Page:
2. Gappy says:

    I’m not a journalist or a published author but I do think that writing becomes better the more you just do it, and so for that reason blogging is good writing practice.
    Gappy´s last blog ..Yippee, Yahoo, and Cockadoodledoo My ComLuv Profile

    NS Reply:

    @Gappy, Yes, you’re right. Thanks.

  3. lori day says:

    Follow your dreams and don’t give up.
    Do you want to be a writer or a blogger?
    I enjoy reading your blogs but I don’t read books (sorry) because I have a short attention span, so I am out of the loop as to how books are written these days.
    With blogging – like you said, you can put your thoughts down so quickly and get feed back right away. To author a book I think one would need to be passionate about the subject, find a way to captivate the reader, and capture their minds and hearts. Draw them in, have them “walk” a mile in a character’s shoes, make the reader feel as one with the character and the events surrounding the story. For example, a lot of everyday subjects make us angry because the situations should never happen in the first place. We all can vent, cuss, or shed tears about it — but to express a story that sticks is something. You can do it, I have seen it in your writings.
    Follow your dreams!!

    NS Reply:

    @lori day, Good advice, thank you Lori.

  4. Mercy says:

    I’m a published poet, short story writer, reviewer and blogger. Blogging complements the other activities: it’s one place where you’re free from editorial input and constraints but also have the opportunity to showcase and hone your skills.

    If you have the discipline to source, research and write blog articles on a regular basis, those skills transfer to producing other pieces of writing to a professional standard to an editorial or publisher’s deadline. Similarly if you are familiar with the route of coming up with ideas, sending query letters and then finalising the agreed piece to deadline, you can transfer those skills to blogging. Remember too that a blog can help promote you as a writer.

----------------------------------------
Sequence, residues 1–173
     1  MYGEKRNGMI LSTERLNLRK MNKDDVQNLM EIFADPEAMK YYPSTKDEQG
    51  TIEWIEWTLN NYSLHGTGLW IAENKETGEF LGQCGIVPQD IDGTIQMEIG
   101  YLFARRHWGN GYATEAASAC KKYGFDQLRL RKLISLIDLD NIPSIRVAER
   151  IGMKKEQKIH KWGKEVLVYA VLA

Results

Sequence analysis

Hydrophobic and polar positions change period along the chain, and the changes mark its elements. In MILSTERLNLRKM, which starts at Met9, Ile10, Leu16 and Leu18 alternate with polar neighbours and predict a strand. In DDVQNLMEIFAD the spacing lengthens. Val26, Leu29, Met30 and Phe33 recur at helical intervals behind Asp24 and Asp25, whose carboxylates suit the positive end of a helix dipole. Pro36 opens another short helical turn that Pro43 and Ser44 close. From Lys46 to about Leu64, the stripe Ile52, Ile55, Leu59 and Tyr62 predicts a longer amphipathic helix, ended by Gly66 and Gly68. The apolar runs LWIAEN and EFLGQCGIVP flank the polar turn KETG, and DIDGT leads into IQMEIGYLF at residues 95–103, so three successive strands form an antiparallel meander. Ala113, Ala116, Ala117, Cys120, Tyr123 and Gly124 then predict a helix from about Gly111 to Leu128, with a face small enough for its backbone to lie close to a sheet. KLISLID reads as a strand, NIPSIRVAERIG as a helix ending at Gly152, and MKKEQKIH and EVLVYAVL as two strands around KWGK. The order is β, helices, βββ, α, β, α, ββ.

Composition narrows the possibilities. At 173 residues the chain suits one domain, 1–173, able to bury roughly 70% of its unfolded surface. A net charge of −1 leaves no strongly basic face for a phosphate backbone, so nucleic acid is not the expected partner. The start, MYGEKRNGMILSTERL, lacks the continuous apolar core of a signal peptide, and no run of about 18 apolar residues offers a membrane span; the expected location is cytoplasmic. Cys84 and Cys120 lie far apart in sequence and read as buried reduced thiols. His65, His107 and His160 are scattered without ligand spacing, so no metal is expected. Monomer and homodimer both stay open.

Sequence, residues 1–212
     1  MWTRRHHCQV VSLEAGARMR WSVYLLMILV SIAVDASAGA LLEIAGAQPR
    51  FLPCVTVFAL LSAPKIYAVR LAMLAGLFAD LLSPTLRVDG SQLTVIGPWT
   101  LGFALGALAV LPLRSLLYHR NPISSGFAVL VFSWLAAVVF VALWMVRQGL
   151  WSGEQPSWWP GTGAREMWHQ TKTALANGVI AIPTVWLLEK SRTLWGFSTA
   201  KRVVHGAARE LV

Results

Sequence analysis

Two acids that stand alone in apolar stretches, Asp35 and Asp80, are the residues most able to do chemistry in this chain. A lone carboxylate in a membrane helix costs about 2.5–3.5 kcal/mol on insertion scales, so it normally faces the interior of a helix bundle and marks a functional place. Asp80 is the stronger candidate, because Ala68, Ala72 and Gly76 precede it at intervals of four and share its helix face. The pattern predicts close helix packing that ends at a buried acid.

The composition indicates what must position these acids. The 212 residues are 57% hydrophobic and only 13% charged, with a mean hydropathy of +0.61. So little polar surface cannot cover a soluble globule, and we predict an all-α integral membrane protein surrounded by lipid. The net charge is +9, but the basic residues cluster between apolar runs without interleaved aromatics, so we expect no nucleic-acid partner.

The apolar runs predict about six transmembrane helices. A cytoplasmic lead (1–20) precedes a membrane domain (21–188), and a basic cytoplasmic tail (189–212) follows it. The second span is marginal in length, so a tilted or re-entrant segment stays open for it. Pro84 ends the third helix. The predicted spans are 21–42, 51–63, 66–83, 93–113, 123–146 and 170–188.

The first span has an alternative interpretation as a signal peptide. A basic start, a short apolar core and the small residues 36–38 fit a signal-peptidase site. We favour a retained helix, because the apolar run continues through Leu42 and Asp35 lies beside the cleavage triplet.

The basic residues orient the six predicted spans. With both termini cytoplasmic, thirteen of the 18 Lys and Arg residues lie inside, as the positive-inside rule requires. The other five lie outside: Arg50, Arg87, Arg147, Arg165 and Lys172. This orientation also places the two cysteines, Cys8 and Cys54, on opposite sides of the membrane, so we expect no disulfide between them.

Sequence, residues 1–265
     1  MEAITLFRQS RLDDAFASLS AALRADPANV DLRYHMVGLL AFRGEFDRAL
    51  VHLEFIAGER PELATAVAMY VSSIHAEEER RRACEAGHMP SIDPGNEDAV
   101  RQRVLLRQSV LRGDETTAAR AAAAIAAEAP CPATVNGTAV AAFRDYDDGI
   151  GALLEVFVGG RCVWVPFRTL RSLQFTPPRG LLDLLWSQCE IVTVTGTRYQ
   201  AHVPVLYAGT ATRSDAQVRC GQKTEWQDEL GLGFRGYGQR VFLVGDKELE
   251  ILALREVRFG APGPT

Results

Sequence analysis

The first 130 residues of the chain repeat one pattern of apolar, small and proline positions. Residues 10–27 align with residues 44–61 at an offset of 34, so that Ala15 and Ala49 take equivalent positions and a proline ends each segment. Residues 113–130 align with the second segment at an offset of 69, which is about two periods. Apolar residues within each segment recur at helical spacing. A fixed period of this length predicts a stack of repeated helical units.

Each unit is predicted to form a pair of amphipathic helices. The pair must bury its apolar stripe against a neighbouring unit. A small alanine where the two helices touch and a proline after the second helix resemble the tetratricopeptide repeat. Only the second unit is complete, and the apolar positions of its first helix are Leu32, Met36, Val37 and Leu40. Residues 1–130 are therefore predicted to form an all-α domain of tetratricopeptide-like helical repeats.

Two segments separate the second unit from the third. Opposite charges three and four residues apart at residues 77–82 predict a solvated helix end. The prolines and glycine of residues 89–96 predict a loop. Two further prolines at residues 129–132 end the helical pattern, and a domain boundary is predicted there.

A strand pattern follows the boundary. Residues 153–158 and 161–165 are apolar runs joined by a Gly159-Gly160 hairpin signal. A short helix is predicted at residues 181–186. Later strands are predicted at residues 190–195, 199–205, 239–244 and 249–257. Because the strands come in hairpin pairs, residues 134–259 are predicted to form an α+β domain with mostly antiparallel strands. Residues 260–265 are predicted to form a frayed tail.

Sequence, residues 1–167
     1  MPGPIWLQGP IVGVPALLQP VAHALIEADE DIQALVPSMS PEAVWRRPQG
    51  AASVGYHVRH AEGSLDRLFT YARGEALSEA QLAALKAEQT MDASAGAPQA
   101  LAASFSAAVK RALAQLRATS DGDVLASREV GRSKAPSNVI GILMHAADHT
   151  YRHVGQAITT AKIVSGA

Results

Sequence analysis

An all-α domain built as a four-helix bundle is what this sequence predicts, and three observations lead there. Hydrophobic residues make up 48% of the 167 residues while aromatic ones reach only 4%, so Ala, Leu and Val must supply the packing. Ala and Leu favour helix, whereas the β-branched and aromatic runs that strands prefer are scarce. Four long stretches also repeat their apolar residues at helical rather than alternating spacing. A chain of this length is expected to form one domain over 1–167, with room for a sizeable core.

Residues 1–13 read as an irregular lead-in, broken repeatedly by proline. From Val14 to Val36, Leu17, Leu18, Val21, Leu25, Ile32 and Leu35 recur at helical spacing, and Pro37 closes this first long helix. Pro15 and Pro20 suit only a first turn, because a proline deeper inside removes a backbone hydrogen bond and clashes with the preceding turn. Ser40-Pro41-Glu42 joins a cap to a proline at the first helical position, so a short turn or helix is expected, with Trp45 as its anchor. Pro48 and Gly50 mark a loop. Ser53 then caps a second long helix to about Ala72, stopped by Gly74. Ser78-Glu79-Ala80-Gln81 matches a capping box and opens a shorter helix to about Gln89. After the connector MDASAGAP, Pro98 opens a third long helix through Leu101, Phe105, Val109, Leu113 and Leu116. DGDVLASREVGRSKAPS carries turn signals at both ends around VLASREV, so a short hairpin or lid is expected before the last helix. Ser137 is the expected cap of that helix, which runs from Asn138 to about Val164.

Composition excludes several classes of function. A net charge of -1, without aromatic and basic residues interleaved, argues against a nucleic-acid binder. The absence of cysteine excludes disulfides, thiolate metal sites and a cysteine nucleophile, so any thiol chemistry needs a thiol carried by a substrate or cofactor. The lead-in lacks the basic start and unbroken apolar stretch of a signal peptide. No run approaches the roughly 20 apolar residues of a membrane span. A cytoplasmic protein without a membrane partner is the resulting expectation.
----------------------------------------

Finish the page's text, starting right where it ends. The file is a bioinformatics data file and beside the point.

Like all jobs, writing requires project management and non procrastination skills and it takes a bit of discipline and a fair bit of practice to balance on and off line writing without letting one expand to the detriment of the other.

    NS Reply:

    @Mercy, It really is a balancing act, isn’t it! I’ve just got to throw some balls up in the air and start juggling.

  5. I haven’t even read this post– but I did just read “Goodbye Before I’m Gone” and am sitting here in tears now (that post would not let me leave a comment).

    So well said, and so how I often feel before, during, and after my trips home.
    I am adding you to my blogroll. Cheers.

    NS Reply:

    @Florida Girl In Sydney, Sorry you couldn’t comment on that post, comments close after 30 days. But thanks for the comment and for adding me to your blogroll! I’ve just checked out your blog and have added you too. :)

  6. And now that I’ve read this post– well I agree with Lori Day, I find blogs more interesting to read these days. Sooo… if you put your blog up for reading via subscription on Kindle, maybe that would satisfy your “real writer” ambitions? Clearly you are a writer– where and how is not that important.
    Florida Girl In Sydney´s last blog ..Steer Penis, Why Not? My ComLuv Profile

  7. Rae says: